Last week, I watched a hapless marketing executive struggle through a keynote speech that relied on a series of demonstrations of new wireless gadgets and technologies. While thousands of techies looked on hopefully, the poor guy proved my new theory that the scope of a demo failure is directly proportional to the size of the audience. And it was one huge crowd.
Painful as it was to witness, this demo disaster served up a sobering reminder that much of the hype around wireless these days is still just that. All the vendor hoopla in the world won't mask the immaturity and downright flukey nature of many of these technologies. One of our editors attended a wireless conference last week and was startled when only a few dozen people showed up to talk about "mobile commerce." As much as we'd love to write about them, business case studies of successful wireless rollouts are still relatively rare.
If I had to pick a poster child for leading-edge use of wireless today, it would be United Parcel Service of America Inc. with its recent move to shipment tracking via almost any wireless device. Not a very jazzy application, really. But as a UPS official put it, "Wireless is in its infancy, and we're watching to see how fast it will catch on." Supposedly by 2002, every new mobile device sold will have Internet access. Also on the way are dozens of new services - stuff we never knew we always wanted - that will be piped directly into those gadgets. Already, there are about 400 million wireless devices loose in the world, when you count everything from handheld computers, PDAs and cell phones to two-way pagers.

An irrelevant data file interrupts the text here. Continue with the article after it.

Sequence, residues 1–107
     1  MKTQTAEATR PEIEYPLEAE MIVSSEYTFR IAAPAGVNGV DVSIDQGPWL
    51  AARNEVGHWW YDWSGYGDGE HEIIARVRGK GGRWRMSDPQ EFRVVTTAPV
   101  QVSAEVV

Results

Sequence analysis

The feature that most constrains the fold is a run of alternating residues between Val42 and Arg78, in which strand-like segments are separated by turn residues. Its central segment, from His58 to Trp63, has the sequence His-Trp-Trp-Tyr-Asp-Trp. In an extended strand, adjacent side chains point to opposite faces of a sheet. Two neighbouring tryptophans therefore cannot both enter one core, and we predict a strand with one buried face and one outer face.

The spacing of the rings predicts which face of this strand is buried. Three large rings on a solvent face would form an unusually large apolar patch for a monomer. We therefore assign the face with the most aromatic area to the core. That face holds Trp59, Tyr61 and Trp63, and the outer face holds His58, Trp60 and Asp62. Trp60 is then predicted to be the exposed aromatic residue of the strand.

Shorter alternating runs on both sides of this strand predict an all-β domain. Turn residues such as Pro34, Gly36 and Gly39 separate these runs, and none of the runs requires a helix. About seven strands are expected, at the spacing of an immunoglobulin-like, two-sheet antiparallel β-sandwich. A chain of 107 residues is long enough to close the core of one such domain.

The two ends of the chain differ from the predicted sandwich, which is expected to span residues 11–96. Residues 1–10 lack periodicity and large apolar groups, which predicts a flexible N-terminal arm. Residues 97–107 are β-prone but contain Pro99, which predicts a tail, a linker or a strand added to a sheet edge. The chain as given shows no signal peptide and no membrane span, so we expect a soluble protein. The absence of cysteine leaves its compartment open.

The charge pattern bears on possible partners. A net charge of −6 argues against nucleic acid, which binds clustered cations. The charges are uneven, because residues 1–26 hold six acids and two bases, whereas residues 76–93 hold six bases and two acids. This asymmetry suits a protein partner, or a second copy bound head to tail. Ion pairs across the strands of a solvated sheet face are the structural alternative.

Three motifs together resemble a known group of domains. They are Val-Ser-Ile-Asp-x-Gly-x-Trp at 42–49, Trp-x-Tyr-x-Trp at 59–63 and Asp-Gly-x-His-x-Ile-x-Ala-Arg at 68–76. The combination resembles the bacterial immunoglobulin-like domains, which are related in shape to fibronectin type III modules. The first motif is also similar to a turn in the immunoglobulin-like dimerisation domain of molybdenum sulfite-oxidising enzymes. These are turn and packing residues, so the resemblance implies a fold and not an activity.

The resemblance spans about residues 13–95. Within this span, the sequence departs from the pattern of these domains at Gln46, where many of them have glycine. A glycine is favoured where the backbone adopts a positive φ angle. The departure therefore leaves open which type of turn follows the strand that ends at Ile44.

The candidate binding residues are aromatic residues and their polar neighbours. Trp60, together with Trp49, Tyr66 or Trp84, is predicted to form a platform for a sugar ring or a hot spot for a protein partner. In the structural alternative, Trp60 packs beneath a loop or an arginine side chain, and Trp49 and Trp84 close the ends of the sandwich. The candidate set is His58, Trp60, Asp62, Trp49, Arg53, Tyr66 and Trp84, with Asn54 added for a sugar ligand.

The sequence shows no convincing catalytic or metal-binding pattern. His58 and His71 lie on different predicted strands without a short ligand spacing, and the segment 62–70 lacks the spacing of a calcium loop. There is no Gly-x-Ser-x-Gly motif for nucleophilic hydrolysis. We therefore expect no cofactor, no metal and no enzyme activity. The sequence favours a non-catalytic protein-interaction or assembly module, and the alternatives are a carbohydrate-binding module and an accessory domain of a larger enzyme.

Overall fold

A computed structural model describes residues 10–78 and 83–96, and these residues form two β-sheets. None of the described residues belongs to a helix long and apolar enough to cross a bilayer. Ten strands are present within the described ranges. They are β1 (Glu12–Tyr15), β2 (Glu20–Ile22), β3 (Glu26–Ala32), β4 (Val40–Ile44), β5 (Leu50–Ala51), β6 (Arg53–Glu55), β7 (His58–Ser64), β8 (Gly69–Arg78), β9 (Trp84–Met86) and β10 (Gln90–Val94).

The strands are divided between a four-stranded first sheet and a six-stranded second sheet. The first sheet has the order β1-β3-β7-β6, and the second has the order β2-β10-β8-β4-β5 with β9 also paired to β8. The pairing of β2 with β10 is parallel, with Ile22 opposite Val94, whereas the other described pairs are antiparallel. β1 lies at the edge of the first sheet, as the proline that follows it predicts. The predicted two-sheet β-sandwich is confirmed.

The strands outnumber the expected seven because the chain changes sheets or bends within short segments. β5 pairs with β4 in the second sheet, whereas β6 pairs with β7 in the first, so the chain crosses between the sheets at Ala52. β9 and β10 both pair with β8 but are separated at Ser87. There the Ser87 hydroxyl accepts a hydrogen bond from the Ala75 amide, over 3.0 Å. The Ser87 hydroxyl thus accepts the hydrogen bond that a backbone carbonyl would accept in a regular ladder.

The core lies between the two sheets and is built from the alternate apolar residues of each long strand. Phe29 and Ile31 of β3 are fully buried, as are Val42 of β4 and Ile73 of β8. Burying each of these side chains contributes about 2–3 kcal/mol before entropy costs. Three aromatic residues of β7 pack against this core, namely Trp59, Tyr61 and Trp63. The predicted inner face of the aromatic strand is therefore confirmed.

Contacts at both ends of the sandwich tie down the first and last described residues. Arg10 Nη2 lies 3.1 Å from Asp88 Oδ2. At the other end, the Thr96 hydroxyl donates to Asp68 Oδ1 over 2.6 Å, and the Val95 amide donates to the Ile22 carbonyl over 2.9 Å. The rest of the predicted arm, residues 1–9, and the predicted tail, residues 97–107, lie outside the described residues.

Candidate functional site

So what's keeping businesses from embracing wireless? For starters, an array of contradictory standards and competing protocols makes it difficult for corporate developers to figure out where to start. Before it even reaches that device in your hand, wireless content has to run a gamut of technologies, including a wireless application server, a particular markup language, a gateway server and a set of specific network protocols. Assuming that all that works (it often doesn't) and that bandwidth issues aren't a problem (they usually are), there are information security and privacy issues galore for corporate IT to worry about.
Yet despite all these obstacles, a world without wires is clearly coming our way. How to get ready? Keep the pressure on your vendors to agree on standards. Insist on straight answers to security and privacy concerns. And if you're really a glutton for punishment, you can always ask to see a demo.
Maryfran Johnson is editor in chief of Computerworld. You can contact her at firstname.lastname@example.org.